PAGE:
Smith has been proven correct countless times since he wrote that in 1776, but the puppet masters keep pulling the wrong strings.

6 comments on “Politicians keep pulling the strings but can’t figure out what caused this tangled mess

  1. Rincon says:

    I agree that it’s ridiculous to limit a hospital to charging double what Medicare pays. Although hospitals apparently profit from Medicare as evidenced by the fact that all of them accept Medicare patients and charging someone even double Medicare rates is essentially theft, this law is essentially a tiny band-aid over a gaping wound. How ridiculous.

    You also continue to miss a lot of really cool government subsidies and benefits like agricultural subsidies, including ethanol, which nobody except for corn farmers supports. There are also a host of tax benefits for both individuals and corporations along with government subsidies for a variety of industries. FEMA benefits for disaster victims comes to mind as well. Loose regulations allowing individuals and corporations to hide money offshore will probably never be addressed. The ability to set up corporations anonomously in Delaware aids and abetts many, many crimes, but most us of don’t even know it exists. And of course, possibly the largest largesse of them all, a set of laws allowing the medical industry to function essentially as a huge cartel. See the Time article for some of the evidence on that one

  2. Dave says:

    Multiply the negative effects of the legislature on Nevada by 50 and you will approximate what is happening in the rest of the country. All caused by lawyers
    who believe they are more knowledgeable in business matters than the real business men are. Unfortunately they command more respect than they deserve from good people who have no understanding of what is happening.

    If the federal government were to limit it’s actions to those enumerated in the Constitution the nonsense would end at both the federal and state level. Of course this would take courage and intelligence not displayed in significant measure since the days of the founders.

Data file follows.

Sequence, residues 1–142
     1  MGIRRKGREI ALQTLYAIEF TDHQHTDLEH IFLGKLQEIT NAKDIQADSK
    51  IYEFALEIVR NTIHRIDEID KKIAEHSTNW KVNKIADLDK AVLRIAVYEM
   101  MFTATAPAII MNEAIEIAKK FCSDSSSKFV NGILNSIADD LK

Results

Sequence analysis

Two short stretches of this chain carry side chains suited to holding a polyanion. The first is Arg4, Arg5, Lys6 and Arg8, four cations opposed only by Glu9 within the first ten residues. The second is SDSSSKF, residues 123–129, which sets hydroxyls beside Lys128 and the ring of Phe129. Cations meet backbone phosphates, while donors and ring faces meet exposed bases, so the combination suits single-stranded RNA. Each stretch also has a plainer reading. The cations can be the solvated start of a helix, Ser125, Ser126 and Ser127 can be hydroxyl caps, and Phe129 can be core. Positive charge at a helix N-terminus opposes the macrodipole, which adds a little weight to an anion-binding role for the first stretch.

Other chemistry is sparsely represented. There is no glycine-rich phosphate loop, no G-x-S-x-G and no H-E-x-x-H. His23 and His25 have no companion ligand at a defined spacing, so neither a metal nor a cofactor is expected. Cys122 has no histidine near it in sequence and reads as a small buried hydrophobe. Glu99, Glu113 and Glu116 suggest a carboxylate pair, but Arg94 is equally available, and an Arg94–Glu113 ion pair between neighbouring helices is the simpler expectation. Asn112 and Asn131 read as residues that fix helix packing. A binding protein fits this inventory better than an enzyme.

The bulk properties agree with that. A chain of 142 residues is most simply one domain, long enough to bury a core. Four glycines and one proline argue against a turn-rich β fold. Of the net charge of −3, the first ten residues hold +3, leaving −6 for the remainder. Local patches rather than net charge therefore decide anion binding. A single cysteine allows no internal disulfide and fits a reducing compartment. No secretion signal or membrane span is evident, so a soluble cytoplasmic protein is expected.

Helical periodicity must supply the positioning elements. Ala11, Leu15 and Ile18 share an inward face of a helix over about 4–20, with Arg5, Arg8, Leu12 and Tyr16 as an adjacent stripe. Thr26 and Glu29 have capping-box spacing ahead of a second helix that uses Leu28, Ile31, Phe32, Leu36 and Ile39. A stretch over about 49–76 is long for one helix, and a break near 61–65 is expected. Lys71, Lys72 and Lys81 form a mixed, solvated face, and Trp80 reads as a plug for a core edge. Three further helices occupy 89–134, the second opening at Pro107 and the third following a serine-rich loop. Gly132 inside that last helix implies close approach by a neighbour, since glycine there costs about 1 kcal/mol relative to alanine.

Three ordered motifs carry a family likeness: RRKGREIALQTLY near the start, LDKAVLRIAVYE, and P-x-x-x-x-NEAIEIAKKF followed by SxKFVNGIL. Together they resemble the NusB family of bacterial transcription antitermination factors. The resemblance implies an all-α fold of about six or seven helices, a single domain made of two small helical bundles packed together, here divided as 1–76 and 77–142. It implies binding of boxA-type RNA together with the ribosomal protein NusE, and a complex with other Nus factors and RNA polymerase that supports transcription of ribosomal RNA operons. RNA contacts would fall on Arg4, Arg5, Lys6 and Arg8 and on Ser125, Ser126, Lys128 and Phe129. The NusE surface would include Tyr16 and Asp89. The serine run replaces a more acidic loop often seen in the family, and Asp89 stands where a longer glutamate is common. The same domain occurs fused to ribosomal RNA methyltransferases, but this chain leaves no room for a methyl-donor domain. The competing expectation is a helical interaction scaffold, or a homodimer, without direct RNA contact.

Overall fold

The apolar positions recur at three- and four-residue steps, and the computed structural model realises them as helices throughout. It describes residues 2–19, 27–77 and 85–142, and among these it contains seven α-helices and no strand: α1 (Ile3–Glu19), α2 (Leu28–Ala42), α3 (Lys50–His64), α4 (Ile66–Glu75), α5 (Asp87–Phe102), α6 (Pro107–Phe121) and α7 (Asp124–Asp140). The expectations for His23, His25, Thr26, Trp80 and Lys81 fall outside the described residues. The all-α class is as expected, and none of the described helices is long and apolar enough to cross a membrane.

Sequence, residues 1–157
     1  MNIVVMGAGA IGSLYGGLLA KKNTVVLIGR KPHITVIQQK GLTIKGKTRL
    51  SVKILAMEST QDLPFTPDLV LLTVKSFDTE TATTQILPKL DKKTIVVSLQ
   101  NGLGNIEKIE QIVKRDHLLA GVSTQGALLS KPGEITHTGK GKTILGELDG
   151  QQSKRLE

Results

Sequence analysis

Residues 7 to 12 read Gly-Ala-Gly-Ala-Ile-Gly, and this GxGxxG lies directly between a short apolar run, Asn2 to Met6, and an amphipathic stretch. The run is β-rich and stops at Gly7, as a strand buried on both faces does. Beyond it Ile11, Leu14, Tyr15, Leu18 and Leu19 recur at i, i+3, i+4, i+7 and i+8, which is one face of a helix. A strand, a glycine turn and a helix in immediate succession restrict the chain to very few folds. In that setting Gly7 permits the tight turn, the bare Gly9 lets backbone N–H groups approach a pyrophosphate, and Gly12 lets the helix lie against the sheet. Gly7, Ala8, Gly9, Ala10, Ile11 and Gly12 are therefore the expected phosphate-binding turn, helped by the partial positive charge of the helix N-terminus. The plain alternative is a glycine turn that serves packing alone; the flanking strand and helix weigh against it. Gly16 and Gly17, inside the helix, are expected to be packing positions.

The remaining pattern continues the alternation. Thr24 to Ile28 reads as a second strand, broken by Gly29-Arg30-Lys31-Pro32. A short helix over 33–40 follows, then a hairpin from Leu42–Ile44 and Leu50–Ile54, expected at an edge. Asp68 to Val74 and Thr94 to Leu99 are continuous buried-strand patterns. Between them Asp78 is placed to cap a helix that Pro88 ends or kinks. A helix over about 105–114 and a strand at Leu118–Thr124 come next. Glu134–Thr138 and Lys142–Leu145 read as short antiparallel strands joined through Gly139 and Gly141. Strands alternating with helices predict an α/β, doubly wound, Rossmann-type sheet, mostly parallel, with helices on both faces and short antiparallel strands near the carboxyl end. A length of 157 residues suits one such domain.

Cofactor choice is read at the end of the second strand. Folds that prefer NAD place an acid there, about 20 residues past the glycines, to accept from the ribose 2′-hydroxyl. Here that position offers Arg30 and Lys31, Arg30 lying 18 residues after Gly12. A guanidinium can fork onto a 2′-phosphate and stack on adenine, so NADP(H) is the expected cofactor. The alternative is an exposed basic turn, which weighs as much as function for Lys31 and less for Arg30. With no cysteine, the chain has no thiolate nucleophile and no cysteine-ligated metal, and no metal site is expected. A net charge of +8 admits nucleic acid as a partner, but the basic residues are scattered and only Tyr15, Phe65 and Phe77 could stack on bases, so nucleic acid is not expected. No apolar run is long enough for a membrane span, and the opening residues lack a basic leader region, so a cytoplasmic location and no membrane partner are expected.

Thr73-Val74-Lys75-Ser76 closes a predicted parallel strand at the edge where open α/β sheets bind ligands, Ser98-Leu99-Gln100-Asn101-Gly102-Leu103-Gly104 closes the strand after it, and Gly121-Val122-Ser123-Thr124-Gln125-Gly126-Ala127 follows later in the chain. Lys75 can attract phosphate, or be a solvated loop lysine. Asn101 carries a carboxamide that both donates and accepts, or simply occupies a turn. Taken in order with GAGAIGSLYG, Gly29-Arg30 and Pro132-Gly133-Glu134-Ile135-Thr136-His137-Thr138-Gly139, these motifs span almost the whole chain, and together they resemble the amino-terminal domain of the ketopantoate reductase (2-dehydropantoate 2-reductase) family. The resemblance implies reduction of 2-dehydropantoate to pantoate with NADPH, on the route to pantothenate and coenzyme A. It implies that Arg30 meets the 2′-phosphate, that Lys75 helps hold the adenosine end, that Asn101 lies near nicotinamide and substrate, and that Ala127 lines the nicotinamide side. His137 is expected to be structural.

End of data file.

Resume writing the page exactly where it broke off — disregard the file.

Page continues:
To my knowledge the Constitution does not authorize public funds to be used for charity however appropriate it might seem. When the POTUS unilaterally declares that work is not required for assistance he violated his oath of office and yet no one in the Congress uttered a word against him or tried to stop it.
    Just more violations of Oath of Office.

    It is my considered opinion that we will never return to greatness until we find and elect people of knowledge and integrity who will respect the constitution
    and see to the banishment of the few who do not. This includes judges who rewrite legislation so that it meets the terms required to make it acceptable for passage. Anyone believe that a penalty is the same as a tax? Check your dictionary, I did.

  3. Wendy Ellis says:

    It’s a crying shame that our own NV State Legislature (particularly in the State Senate), care nothing about what is in the best interest of their own constituents. Can it be that they truly believe SB252 and SB123 would be good for our state? That they would be good for NVE rate payers? If so, they are fools. If they know what these bills mean for Nevadans, and vote for them anyway…well, they are corrupt.

    Isn’t anyone tired yet, of financing NVE’s schemes? 2009 ARRA Stimulus dollars provided them grants to partially finance their ASD program (smart meters). Rate payers will pay for the rest.

    The captive rate payers are whom NVE can always depend upon. Why should this be? Because they have to provide the best rates and compete for our business? Read some of the transcripts from their quarterly meetings with investors. I have. Michael Yackety-Yack is a jerk.

    They welcome extra-hot weather, because they sell more power. But they don’t mind when we have a cooler spring-summer, because they are allowed by NV law to increase rates for cost recovery, due to lost sales. No matter what, they can’t lose.

    Every quarter, they propose rate adjustments to the PUCN. The PUCN is required to serve a dual role: They have to balance the protection of rate payers, yet cannot force a utility company, with shareholders, to decrease earnings below a certain rate; all while following the laws passed by our own NV State Legislature.

    Perhaps I should have invested LOL! But I have scruples, and no money to speak of.

  4. The feds are only picking up half the cost of that power line to Ely.


  5. […] NV Energy said rates would increase only 4 percent more than they otherwise would, but PUC staffers have questioned the figures. […]